I went into Kinect Sports fully prepared to hate it. Even as I was playing, I was making mental notes of technical slip-ups, unnecessary faffing about in menu screens, and peculiar design choices. But during the heat of a ferocious Track and Field competition with VideoGamer.com's Emily Gera, all of this got lost in a cloudy haze of excitement. As I watched the video replay at the end of the event (which I lost, I am loathe to admit), the analytical part of my brain switched back on, and I was left staring at a video of me jumping, laughing, running on the spot, laughing some more, shouting taunts, throwing imaginary javelins, and pumping clenched fists into the air. The proof was right there on the screen, there was no denying it: I had a bloody good time.
It was inevitable that a sports compendium would find its way into the Kinect launch line up. There are two of them, in fact - with Ubisoft also having a pop at the genre with Motion Sports. Despite core gamers looking down their noses at these mini-game compilations, they're the perfect test bed for new motion technologies, as the Wii proved all too well back in 2006. Microsoft and Rare's foray into the genre is a much more sophisticated affair than Nintendo's, however. You don't need a controller, the graphics are all shiny and high def, there's multiplayer play - both local and over Xbox LIVE, and your avatars even have limbs!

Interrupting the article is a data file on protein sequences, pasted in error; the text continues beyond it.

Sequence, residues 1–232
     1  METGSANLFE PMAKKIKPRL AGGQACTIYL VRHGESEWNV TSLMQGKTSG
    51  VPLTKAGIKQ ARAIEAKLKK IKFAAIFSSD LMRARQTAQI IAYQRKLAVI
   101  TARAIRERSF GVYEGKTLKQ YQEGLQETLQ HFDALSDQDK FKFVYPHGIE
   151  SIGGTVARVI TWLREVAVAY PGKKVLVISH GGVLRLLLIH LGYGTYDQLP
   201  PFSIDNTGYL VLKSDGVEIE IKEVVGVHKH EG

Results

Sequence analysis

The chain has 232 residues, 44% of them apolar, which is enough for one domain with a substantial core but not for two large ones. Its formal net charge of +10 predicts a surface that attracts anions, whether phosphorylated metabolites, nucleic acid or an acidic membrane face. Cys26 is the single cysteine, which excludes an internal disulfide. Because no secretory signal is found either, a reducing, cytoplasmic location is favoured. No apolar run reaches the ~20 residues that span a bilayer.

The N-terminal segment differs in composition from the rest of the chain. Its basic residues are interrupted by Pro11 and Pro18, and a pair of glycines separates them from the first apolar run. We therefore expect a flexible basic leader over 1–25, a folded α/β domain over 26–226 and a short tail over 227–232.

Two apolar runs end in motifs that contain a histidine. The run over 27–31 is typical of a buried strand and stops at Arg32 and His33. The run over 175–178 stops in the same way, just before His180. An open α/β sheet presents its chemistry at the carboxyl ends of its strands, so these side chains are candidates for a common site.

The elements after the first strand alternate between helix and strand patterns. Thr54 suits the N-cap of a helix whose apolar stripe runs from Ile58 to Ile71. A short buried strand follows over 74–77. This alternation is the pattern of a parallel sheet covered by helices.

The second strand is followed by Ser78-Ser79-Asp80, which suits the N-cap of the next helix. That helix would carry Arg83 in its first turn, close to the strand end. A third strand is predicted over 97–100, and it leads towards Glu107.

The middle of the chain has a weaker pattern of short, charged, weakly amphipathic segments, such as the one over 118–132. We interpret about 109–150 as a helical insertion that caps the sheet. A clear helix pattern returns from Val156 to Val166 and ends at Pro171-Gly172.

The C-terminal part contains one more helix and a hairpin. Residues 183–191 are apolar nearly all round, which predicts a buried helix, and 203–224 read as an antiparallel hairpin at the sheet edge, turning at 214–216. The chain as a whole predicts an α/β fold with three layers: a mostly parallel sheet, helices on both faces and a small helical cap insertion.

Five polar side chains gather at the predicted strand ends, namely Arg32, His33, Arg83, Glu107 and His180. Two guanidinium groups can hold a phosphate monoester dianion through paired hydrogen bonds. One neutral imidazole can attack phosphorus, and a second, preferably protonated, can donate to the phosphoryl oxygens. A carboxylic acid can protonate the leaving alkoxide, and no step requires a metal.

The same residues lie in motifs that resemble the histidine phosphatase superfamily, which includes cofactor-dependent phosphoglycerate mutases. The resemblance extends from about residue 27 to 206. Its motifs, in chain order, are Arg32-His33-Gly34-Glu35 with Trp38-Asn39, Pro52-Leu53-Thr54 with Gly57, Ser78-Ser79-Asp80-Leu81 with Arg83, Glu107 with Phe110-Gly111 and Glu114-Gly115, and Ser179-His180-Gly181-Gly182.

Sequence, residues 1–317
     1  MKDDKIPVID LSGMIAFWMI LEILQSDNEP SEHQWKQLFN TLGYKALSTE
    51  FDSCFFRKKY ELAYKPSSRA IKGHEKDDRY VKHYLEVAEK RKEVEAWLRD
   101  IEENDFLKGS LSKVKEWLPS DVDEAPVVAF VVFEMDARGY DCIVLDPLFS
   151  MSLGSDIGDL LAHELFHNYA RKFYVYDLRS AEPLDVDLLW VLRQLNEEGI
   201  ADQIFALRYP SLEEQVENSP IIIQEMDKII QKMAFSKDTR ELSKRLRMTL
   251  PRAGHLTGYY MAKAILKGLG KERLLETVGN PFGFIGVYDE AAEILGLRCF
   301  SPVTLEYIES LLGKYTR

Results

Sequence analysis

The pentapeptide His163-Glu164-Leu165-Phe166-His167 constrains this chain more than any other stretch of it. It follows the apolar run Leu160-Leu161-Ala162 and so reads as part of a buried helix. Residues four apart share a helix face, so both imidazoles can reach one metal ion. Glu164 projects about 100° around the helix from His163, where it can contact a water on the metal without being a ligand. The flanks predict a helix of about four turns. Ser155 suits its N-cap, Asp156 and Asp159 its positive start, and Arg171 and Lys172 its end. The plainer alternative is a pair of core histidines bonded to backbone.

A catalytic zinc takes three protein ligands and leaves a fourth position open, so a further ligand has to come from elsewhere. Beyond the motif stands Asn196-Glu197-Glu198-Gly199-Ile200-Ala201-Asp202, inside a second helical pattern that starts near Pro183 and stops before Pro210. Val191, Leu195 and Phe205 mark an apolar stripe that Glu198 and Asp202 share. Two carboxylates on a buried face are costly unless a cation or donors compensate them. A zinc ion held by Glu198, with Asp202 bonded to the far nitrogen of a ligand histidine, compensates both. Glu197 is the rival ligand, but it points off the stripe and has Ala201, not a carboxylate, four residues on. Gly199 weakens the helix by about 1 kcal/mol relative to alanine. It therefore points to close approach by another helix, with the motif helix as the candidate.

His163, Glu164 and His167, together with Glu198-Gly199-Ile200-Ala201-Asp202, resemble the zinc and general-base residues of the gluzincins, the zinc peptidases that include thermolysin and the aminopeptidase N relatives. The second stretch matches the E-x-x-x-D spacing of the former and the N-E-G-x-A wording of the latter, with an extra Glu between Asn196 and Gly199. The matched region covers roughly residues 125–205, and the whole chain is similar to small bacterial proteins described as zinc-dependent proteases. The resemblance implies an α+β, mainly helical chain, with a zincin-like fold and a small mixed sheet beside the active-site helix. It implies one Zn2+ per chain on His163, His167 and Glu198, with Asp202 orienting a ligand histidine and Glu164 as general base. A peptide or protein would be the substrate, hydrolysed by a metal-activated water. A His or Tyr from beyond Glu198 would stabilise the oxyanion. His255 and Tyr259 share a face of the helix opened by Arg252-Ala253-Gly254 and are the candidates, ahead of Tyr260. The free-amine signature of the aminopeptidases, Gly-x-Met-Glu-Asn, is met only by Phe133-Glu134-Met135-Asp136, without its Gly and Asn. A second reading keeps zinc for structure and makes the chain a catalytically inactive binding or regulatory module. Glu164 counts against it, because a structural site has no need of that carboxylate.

Unfortunately this has lead to some animation issues. Often you'll see your avatar's arm bent at an impossible angle, like he's just walked out of a car crash or something. There are remnants of the classic "have you ever wondered what the bottom of an avatar's foot looks like?" embarrassment every now and again, but the game on the whole is technically sound. Bringing an arm across your body after throwing a bowling ball will indeed put spin on it. Throwing a javelin at a 65 degree angle is more effective than throwing it at a 45 degree angle. Sprinting on the spot will get you to the finish line quicker than jogging on the spot. I used to refuse to play Wii Sports at social gatherings with friends; it made my blood boil to lose at a game that required so little skill. I'm happy to report that this isn't a problem concerning Kinect Sports - at least not to the same degree.